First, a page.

The Phone, It Rings

I bid a fond good night to Grandma and the Soju shelf, and the Master showed me to the guest room. He lingered for a few minutes to make sure I was situated before he went off to bed himself. I believe he was truly pleased to see me again.

In the room there was a thin pad to sleep on, a thick blanket, a dirty pillow, and a mosquito net hanging down from the ceiling. That’s right, a mosquito net. Certainly a first for me. This was well before I started experiencing my nighttime anxiety attacks that I elsewhere referred to as “Adult Onset Fear of Waking Up dead,” but sleep did not come easy that first night at Grandma’s house.

Around 2 a.m. the phone started ringing. From my time spent at The Master’s previously, I knew that daytime and nighttime were very loose guidelines for when to sleep and when to be awake. So I was not surprised someone might call regardless of the hour. But at Grandma’s house, there were only two phones; one in her room, and one in the guestroom (my room). There was no voice message machine so the phone rang and rang and rang as it seemed Grandma had no interest in answering it. Finally it rang off after what seemed like 30 rings. A few minutes later it started ringing again. This time after quite a few rings Grandma picked it up. She yelled for the Master’s wife. I heard the wood-framed paper door of the Master’s room slide open and shut. Slippers shuffled across the concrete to the kitchen. Then I heard the muffled sounds of the Master’s wife talking on the phone. Then quiet.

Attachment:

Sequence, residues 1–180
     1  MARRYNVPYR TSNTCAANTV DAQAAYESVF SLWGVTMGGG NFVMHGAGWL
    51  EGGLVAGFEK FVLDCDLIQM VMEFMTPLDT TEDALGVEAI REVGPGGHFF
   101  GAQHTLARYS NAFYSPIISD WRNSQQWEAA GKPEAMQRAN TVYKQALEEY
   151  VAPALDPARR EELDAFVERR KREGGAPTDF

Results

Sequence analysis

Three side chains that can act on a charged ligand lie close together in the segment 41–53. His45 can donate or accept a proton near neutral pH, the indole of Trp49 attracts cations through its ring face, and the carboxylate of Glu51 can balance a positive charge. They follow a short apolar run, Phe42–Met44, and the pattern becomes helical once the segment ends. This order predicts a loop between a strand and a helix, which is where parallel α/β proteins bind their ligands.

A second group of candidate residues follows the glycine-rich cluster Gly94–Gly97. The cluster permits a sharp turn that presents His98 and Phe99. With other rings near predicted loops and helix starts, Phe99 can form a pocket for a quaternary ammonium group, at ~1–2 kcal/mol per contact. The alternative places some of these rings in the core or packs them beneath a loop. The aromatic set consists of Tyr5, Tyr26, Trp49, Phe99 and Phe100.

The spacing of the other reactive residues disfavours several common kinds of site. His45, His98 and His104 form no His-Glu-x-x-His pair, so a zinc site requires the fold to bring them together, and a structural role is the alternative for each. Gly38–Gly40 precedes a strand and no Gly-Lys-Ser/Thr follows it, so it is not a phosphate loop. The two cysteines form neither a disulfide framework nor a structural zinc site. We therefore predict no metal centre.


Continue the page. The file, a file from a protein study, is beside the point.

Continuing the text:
Slippers shuffled back and their door slid open and shut again. Then quiet. Then the door open and shut again. Then some activity, not really a commotion, but movement and activity in the yard area outside Grandma’s kitchen. I heard a car pull up in front of Grandma’s house, the front metal gate open and close, car doors open and shut, and the sounds of the car driving off.

The quiet of the countryside night soon settled back over the pitch dark of countryside night.

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